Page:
Taking the floor first, Vartan Oskanian, the Foreign Minister of Armenia, noted that the Assembly’s agenda includes an item on protracted conflicts. “Putting all these conflicts in one pot is inherently flawed. Our own conflict, Nagorno-Karabakh, does not belong there. The UN is not the place to address [it] because that issue is being addressed within the OSCE” – the Organization for Security and Cooperation in Europe.“We are negotiating with Azerbaijan and we’re inching towards a resolution,” he said.He said that the process is evolving. “We have a balanced, solid document in our hand which addresses not only the core issue but also the consequential issues, and the two together add up to a reasonable solution.”At the core of the process, he said, “lies the right of people to self-determination.”In a subsequent address to the Assembly, the Foreign Minister of Azerbaijan, Elmar Mammadyarov, said the issue of Nagorno-Karabakh poses the most serious challenge to the region’s security. “As a result of the conflict, we are still facing the continued occupation by Armenia of a significant part (almost 20 per cent) of the international recognized territories of Azerbaijan,” he said.“We are hosting around 1 million refugees and internally displaced persons (IDPs) who were ethnically cleansed and brutally expelled from their homes of origin in Armenia and in the occupied territories of Azerbaijan.”The negotiations being held in the framework of the OSCE “have not yielded any results so far,” he said.“And as the time passes the more difficult it is for us to observe from our side of the line of contact the attempts of the current Armenian leadership to consolidate the results of occupation of our territories, destroy everything associated with the Azerbaijani legacy in these territories and carry out illegal activities thereon,” he said. “The United Nations shall not tolerate such action.” 3 October 2007As the United Nations General Assembly continued its high-level debate today, the Foreign Ministers of Armenia and Azerbaijan expressed their views on the Nagorno-Karabakh region of Azerbaijan.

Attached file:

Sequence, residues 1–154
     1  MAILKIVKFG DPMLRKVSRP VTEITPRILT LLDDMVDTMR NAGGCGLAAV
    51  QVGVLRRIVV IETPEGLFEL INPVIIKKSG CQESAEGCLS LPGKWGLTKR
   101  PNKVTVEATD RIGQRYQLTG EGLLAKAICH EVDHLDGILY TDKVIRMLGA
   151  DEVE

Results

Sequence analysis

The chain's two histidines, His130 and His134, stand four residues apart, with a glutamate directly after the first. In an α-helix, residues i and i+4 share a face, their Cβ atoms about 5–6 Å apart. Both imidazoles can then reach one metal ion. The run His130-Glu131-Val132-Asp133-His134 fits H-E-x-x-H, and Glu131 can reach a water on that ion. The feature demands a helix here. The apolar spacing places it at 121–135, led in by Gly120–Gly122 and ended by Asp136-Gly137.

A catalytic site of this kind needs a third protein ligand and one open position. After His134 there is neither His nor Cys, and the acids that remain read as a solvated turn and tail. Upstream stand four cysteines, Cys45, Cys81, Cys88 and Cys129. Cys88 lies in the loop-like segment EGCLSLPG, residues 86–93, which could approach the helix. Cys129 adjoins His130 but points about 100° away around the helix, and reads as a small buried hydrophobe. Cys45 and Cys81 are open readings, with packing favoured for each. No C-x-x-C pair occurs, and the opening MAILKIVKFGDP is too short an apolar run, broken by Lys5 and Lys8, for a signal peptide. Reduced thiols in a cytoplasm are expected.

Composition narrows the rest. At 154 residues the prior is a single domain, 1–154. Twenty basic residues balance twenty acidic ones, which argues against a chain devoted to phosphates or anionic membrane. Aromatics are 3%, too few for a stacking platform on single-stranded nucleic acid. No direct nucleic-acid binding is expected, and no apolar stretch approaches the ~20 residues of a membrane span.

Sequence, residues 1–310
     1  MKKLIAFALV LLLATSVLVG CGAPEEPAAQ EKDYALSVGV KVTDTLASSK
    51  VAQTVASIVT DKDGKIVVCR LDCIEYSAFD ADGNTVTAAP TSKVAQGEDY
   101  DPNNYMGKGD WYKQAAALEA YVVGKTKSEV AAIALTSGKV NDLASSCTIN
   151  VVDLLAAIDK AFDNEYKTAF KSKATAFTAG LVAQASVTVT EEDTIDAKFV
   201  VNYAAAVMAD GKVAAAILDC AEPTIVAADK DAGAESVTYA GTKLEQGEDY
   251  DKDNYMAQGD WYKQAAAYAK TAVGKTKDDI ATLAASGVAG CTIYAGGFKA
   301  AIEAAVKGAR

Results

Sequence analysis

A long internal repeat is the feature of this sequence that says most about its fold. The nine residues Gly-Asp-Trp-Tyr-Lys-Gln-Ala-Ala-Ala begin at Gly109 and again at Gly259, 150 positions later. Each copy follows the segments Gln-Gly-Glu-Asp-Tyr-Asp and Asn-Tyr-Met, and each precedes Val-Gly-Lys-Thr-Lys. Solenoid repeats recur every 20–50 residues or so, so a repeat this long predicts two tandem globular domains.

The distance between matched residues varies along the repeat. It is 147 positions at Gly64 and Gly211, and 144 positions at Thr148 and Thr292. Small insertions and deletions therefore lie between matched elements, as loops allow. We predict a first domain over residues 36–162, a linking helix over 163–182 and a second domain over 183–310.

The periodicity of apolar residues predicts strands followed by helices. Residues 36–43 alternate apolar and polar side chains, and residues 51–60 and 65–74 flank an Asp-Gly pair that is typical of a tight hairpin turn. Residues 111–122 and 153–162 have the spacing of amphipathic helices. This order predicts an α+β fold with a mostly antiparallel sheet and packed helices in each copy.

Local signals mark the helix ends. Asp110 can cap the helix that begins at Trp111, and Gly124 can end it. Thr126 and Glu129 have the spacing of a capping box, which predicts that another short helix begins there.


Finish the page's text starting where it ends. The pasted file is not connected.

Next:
Owensboro Police Chief Art Ealum became the first African-American police chief to be elected president of the Kentucky Association of Chiefs of Police (KACP) OWENSBORO, Ky. (WTVQ) -Owensboro Chief of Police Art Ealum has been elected president of the Kentucky Association of Chiefs of Police (KACP).Ealum, who last year was named KACP Chief of the Year, assumed the presidency in late July during the KACP Annual Conference, which was held in Owensboro. Chief Ealum succeeds Independence Police Chief Tony Lucas for the one-year term.- Advertisement – Ealum is the first African-American to serve as KACP president.“It is an honor to serve as the KACP president and exceptionally humbling to serve as the first African-American KACP president,” Chief Ealum said. “It truly is something worthy of celebration. I would be remiss if I didn’t mention my brothers and sisters in the chief’s association have never treated me as anything as a peer, mentor and a friend.“This is truly a crowning moment in my career; however, this is not a career defining moment,” Chief Ealum said. “My personal philosophy is that you are only as good as what you did yesterday; therefore, you should continue to push forward, always striving to do bigger and better things. For me, those ‘bigger and better things’ consist of setting the example for others to follow, shattering those glass ceilings that still exist and being a catalyst for change.”Related Article: Trump signals support for gun background checksChief Ealum’s priorities include maintaining the KACP’s presence and voice in Frankfort to support and promote policies that safeguard the interests of peace officers, their families and all citizens of this great state.“Our organization has to stay vigilant when it comes to legislation affecting our pension system,” Chief Ealum said.Chief Ealum said one of one of the most pressing issues facing law enforcement today is the recruitment and retention of qualified candidates.“Most agencies across the country have experienced a decline in the number of people who are interested in pursuing a career in law enforcement,” he said. “In my opinion, the private sector has been much more effective in attracting and retaining good employees with increased pay and benefit packages. ”A native of Evansville, Ind., Chief Ealum started working for the Owensboro Police Department in 1991. He was promoted to Sergeant in 2002, Lieutenant in 2004, Captain/Major in 2008, Deputy Chief in 2010, and Chief in 2012.Chief Ealum holds an Associate of Science from Owensboro Community and Technical College, a Bachelor of Arts from Brescia University, a Master of Science in Criminal Justice from Eastern Kentucky University, and is a graduate of the Administrative Officers Course from the University of Louisville’s Southern Police Institute and a graduate of the National Organization of Black Law Enforcement Executives CEO Mentoring Program.Chief Ealum is also a graduate of the following courses from the Department of Criminal Justice Training: Academy of Police Supervision, School of Strategic Leadership, and Criminal Justice Executive Development.The Kentucky Association of Chiefs of Police (KACP) was founded in 1971 to secure official and personal cooperation among law enforcement executives and the citizens of Kentucky. Based in Madisonville, Ky., KACP has a membership of more than 500 law enforcement executives including municipal and county police chiefs, sheriffs, state and federal law enforcement administrators and railroad police. KACP assists its membership with accreditation, training, advocacy, and a discount on liability insurance through the Kentucky League of Cities. The KACP provides financial assistance to law enforcement students, Special Olympics, Police Memorial Foundation, Concerns of Police Survivors and in addition. each KACP region is awarded funding for training and meetings throughout the year.  KACP also partners with The Department of Criminal Justice Training, The Regional Community Policing Institute and the U.S. Attorney’s Offices in Kentucky to provide timely information on topics of interest to law enforcement executives.